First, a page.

“VEDANA” (The Sensation) – The Greatest Discovery Of The Buddha

Prof. Sudhakar Arjun Pawar

Published in Issue IV, October 2013

VEDANA: The invention of “Vedana” (the sensation), is regarded as One of the Greatest Discovery of the Buddha.


The Vedana is also considered as An Unparalleled gift of The Buddha to the humanity.



Every person, whether man or woman, rich or poor, carries certain defilements such as anger, hatred, passion, fear, etc. These defilements cause tension, worries, prejudices which in turn makes the person miserable and increases his sorrow.


The Buddha discovered and established that using Vedana (sensation) as a tool one can get rid of all the impurities of mind and live each moment peacefully, happily and productively.


The term Vedana should not be misunderstood in the sense of severe bodily pain or discomfort for which we need to see a physician. The subject matter of Vedana referred here means the sensations which could be Pleasant, Unpleasant or Neutral and which is felt on the body but is the part of mind and its observation means the observation of the mind and matter phenomenon.


2        BACKGOUND

The Misery or suffering (called Dukkha in Pali Language) is universally accepted as arising as the result of craving ( Tanha in Pali).


Tanha, indicate craving for obtaining what one feels pleasant AND for getting rid of what one feels unpleasant (aversion).


Prior to the enlightenment of the Buddha and his teachings, Tanha was erroneously believed to be due to the direct contact of six sense organs viz. Eyes, ears, nose, tongue and kaya i.e. body and mind. It was therefore understood to mean as “salayatana paccaya tanha” (in Pali), the meaning is that the Tanha is the direct outcome of six sense organs.


Buddha based on his own experience discovered and established that it is the Vedana, not the Tanha which is the direct outcome of sense organs. Therefore it was made to understand, that besides the “salayatana paccaya phassa” it is also the “phassa paccaya vedana” i.e. the six sense organs as mentioned above, cause touch which in turn causes Vedana.


The Buddha also taught that Tanha arises in response to Vedana. In Pali, it is called “vedana paccaya tanha.




The Pali word “Vedana” is derived from the root ‘vid’ meaning “to experience”

Following are the few definitions of Vedana.


Vedana is a sensation that leads to thirst (Tanha, in Pali)


Vedana is the pivotal phenomenon in:


  1. The five aggregates (Five Khandas), and
  2. One of the twelve chains of the Cause and Effect Theory.


Vedana, is the tool for liberation from suffering.


A very comprehensive definition of Vedana, can be given below:


“Ya vedayati ti vedana,  sa vedayita lakkhana anubhavanarasa”1 meaning:


  1. That which feels the object is Vedana
  2. Its characteristics is to experience
  3. Its function is to realize the object.



The contact (the Phassa) of sense organs with their respective sense objects generate sensation. For example:  Eye with Form (Rupa): Ear with Sound; Nose with Smell; Body with Touch and Mind with Thoughts.

When relevant sense organs come in contact with their respective sense objects, the sense specific consciousness is also generated. The contact of these together generates sensation which in turn causes craving or aversion.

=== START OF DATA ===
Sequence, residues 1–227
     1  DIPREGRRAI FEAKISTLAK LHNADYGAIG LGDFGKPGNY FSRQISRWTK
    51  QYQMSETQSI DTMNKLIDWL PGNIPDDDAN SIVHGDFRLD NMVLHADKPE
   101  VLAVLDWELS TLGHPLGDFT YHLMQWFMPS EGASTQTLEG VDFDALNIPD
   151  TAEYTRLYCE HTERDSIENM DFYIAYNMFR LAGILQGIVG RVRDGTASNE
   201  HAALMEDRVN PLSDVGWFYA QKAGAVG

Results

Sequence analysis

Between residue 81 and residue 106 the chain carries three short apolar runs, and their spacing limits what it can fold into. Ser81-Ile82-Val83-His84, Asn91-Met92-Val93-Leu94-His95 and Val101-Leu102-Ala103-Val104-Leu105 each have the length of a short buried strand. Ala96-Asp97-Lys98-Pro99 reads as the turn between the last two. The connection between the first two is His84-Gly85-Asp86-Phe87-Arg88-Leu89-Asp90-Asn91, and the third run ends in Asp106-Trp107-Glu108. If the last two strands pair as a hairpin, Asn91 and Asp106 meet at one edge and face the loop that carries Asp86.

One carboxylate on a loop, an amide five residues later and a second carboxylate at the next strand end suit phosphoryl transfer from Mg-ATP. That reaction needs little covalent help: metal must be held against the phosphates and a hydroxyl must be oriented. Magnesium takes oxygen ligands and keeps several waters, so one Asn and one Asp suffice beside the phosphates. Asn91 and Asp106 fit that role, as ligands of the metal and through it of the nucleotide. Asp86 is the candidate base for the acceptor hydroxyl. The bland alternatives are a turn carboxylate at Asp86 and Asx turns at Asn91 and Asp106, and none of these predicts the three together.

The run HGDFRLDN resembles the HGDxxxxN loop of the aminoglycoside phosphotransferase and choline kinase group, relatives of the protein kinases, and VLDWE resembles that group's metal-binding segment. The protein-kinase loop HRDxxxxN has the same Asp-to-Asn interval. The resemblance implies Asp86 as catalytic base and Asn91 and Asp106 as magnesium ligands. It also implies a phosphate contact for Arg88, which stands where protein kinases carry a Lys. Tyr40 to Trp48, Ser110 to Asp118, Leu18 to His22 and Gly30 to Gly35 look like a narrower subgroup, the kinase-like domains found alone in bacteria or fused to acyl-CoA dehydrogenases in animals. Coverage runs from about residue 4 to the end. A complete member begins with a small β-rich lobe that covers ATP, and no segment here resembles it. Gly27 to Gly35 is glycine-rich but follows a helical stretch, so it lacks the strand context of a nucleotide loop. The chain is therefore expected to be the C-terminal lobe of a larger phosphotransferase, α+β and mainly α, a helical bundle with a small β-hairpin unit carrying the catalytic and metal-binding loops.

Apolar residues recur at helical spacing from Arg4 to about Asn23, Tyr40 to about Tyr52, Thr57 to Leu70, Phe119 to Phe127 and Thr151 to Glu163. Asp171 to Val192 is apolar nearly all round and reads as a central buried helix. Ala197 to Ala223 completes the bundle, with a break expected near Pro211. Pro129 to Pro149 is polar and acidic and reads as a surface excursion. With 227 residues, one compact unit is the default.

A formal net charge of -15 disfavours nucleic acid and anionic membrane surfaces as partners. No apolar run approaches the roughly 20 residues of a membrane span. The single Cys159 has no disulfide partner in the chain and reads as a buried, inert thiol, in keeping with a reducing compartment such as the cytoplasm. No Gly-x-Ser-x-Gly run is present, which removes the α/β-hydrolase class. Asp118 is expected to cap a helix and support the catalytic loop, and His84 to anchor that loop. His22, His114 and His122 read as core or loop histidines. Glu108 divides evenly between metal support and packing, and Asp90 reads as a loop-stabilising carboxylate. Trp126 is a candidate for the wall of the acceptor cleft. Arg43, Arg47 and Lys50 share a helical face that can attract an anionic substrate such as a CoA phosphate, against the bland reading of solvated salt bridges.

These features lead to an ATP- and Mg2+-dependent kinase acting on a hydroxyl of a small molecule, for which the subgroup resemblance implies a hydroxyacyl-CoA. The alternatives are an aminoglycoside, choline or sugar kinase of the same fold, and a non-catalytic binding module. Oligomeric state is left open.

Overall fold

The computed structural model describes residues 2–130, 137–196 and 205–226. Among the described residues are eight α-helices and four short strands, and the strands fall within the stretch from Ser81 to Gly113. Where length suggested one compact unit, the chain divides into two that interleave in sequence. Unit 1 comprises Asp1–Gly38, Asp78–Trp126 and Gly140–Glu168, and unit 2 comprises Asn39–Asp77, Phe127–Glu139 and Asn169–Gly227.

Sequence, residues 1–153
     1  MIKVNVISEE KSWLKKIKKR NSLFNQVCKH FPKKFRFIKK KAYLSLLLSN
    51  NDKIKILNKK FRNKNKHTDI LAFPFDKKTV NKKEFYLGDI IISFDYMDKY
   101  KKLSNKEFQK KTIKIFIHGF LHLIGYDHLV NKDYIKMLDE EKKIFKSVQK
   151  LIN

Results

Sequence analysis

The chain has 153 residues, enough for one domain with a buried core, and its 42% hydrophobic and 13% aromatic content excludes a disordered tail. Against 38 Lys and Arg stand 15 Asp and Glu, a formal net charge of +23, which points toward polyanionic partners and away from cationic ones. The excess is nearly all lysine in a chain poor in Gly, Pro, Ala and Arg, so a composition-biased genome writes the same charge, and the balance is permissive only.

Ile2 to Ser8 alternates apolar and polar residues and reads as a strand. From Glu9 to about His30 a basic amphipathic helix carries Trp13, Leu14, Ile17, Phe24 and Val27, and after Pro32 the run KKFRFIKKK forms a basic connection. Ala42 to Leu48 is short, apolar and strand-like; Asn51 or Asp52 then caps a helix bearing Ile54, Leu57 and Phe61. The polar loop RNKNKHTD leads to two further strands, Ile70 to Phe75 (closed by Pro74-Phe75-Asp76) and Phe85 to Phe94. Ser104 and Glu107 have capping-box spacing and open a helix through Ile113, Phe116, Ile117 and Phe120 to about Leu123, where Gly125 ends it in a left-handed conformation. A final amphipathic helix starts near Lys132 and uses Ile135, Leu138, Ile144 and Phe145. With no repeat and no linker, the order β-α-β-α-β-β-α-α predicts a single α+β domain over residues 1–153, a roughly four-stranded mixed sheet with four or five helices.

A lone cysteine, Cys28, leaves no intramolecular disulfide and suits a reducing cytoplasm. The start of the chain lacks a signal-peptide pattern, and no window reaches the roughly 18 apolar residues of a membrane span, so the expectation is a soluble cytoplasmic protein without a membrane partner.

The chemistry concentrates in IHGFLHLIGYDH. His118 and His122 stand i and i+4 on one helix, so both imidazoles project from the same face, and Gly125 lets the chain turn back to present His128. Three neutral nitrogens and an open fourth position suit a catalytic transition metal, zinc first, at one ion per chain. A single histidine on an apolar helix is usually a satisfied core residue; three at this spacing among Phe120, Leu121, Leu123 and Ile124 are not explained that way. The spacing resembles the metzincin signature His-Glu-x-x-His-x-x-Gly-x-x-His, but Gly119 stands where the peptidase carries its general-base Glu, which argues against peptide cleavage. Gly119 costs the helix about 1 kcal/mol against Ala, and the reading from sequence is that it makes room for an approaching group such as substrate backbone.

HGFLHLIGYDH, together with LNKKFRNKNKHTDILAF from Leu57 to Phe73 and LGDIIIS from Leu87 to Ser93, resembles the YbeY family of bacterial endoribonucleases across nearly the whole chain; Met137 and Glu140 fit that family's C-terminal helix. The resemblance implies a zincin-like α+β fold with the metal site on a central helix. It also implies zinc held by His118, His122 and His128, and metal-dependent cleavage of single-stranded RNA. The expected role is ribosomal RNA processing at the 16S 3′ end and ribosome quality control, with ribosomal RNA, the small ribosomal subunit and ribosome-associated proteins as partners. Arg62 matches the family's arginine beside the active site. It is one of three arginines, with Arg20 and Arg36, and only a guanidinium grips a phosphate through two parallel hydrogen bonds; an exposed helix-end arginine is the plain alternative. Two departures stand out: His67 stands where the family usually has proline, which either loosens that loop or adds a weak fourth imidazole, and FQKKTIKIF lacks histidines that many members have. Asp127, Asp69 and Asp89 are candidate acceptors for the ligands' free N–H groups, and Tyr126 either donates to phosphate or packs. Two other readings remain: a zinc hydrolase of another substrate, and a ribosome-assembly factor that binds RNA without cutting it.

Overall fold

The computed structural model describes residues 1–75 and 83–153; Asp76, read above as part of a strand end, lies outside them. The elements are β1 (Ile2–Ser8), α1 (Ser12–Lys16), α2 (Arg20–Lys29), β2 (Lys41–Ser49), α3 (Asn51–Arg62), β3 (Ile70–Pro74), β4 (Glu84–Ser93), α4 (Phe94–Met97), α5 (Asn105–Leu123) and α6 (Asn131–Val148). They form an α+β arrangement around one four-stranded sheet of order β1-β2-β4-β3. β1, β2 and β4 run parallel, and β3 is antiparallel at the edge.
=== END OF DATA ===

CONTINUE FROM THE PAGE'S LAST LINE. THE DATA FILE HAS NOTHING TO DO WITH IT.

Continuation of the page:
It important to note that the essence of doctrine of the Buddha viz. The Four Noble Truths, can only be understood, realized, practiced by experiencing the Vedana, sensations.


It is very essential that the sensations must be understood at the experiential basis and not merely on intellectual basis as; only then the following characteristics of Vedana could be understood and realized:

  1. Anicca – impermanence.
  2. Dukkha – suffering.
  • Anatta – substancelessness.



“Tisso ima bhikkhave, vedana. Katama tisso? Sukha vedana, dukha vedana, adukkhamasukha vedana. Ima kho bhikkhave, tisso“2 meaning there are three types of Vedana, the sensations:


  1. Pleasant sensations,
  2. Unpleasant sensations, and
  • Neutral Sensations which are neither pleasant nor unpleasant (upekkha)


Sukha Vedana (pleasant sensation) and Dukkha Vedana (unpleasant sensation) are felt on body. Since the physical aspect of sensation is more direct to experiencing the impermanent nature of sensation, the Buddha gave more importance to bodily sensations. The Mental sensations, however, were not ignored;   somanassaindriyam (i.e. pleasant mental sensations) AND Domassaindriyam (i.e. unpleasant mental sensations) are also considered. These two sum up the sensations to five.


Bahu-vedaniya sutta (majjim nikaya) explains sensations to be six, eighteen, thirty six and one hundred eight.



“Sa vedana parinnaya, ditthe dhamma anasava, kayassa bheda dhamottho sankham nopeti vedagu ti”3 meaning:


By understanding sensations in their totality one becomes free from all defilements and becomes vedagu (arhant).


Constant observation of arising and passing away of sensations in body with awareness of mind (mindfulness), wisdom and through understanding of impermanence enables one to eradicate all the defilements and attain liberation (nibban, in Pali)


“Yam kinci dukkham sambhoti, sabbam vedanapaccaya ti, vedananam tveva asesaviraganirodha, natthi dukkhassa sambhavo ti.”4

Meaning whatever suffering arises, it is because of sensations. By complete eradication of sensations there is no further arising of suffering.


It is the experience of those observing sensations that the reality of body can be imagined by contemplation, but to experience it directly, one has to take help of sensations.



Vedana, in earlier days, was understood to mean unpleasant feelings arising from severe bodily pain or discomfort for which we need to see a physician. Although, such feelings do not form the part of “Vedana”, in order to distinguish the same from the sensations, the Buddha gave the following causes of such unpleasant feelings.


“pittam semham ca vato ca, sannipata utuni ca,   visamam opakkamikam, kammavepakena atthamiti”5


Meaning: Physical pain arising from Pittam (bile), increase of Phlegm (semha), excessive Vato (wind) in the body, Imbalance of all above & resultant chemical reaction i.e. Sannipata, Utu (sudden seasonal changes and its effects), Visamam (imbalance of mind and body), Opakkamikam (bodily punishment) and Kammavipakenna i.e. the result of deeds of previous birth are eight reasons of arising of such other Vedana.